Aberrant calcium influx is a common feature following ischemic reperfusion (I/R) in transient global cerebral ischemia (GCI) and causes delayed neuronal cell death in the CA1 region of the hippocampus. Activation of calcium-calmodulin (CaM)-dependent protein kinase IIα (CaMKIIα) is a key event in calcium signaling in ischemic injury. The present study examined the effects of intracerebroventricular (icv) injection of tatCN21 in ischemic rats 3 h after GCI reperfusion. Cresyl violet and NeuN staining revealed that tatCN21 exerted neuroprotective effects against delayed neuronal cell death of hippocampal CA1 pyramidal neurons 10 days post-GCI. In addition, TatCN21 administration ameliorated GCI-induced spatial memory deficits in the Barnes maze task as well as anxiety-like behaviors and spontaneous motor activity in the elevated plus maze and open field test, respectively. Mechanistic studies showed that the administration of tatCN21 decreased GCI-induced phosphorylation, translocation, and membrane targeting of CaMKIIα. Treatment with tatCN21 also inhibited the level of CaMKIIα-NR2B interaction and NR2B phosphorylation. Our results revealed an important role of tatCN21 in inhibiting CaMKIIα activation and its beneficial effects in neuroprotection and memory preservation in an ischemic brain injury model.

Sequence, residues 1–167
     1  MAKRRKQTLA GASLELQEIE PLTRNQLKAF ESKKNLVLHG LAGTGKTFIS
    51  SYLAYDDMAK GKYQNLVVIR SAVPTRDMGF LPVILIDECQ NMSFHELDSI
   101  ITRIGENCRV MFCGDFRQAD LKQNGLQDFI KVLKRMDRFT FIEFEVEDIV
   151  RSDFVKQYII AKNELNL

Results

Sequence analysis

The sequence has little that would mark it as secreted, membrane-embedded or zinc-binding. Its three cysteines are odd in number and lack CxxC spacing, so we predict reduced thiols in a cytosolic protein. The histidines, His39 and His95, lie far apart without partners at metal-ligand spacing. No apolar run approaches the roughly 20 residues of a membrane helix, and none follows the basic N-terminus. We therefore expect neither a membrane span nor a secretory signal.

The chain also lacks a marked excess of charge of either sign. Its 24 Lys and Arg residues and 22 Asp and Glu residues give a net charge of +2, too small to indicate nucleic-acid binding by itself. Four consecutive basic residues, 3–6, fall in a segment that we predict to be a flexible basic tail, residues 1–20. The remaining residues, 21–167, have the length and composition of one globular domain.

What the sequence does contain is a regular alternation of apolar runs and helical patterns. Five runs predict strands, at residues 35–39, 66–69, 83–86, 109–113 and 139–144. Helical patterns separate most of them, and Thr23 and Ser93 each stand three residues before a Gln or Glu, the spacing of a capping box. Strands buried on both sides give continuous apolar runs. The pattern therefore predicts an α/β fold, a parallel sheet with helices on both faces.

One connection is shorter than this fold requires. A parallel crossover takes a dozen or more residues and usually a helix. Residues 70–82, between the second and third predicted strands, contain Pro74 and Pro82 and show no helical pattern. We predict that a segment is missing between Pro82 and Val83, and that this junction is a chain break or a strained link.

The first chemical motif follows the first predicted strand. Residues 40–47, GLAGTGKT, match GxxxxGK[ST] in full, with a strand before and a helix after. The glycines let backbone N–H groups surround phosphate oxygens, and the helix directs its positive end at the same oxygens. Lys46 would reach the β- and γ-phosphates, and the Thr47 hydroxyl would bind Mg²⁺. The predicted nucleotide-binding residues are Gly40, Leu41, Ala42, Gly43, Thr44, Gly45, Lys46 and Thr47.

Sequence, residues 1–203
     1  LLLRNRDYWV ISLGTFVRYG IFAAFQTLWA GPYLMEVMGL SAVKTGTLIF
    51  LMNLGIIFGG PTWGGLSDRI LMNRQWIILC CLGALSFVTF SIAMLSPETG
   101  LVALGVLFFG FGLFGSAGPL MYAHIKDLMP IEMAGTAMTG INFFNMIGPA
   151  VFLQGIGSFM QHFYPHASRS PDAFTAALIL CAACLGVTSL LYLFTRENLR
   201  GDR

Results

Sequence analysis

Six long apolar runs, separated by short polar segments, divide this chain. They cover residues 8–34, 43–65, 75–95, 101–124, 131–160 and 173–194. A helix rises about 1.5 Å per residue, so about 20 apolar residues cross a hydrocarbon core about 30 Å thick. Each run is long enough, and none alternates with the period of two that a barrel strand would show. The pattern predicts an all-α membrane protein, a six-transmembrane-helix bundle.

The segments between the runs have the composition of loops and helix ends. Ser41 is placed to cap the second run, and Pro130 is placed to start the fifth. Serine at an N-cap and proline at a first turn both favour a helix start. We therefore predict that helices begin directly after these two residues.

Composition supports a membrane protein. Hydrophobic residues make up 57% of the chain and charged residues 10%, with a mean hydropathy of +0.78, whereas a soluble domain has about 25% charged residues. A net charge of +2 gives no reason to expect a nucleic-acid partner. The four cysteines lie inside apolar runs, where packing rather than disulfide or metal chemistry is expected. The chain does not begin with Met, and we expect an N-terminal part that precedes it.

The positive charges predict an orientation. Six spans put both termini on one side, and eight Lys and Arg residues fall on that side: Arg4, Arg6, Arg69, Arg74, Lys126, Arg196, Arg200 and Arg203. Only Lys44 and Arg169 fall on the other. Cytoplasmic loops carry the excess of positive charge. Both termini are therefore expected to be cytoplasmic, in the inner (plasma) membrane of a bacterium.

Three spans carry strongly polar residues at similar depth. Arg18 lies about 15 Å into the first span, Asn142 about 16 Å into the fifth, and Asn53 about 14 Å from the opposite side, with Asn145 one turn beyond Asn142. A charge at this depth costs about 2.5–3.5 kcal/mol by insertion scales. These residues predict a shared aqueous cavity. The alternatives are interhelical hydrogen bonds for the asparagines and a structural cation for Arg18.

- Global cerebral ischemia
ASJC Scopus subject areas
- Cellular and Molecular Neuroscience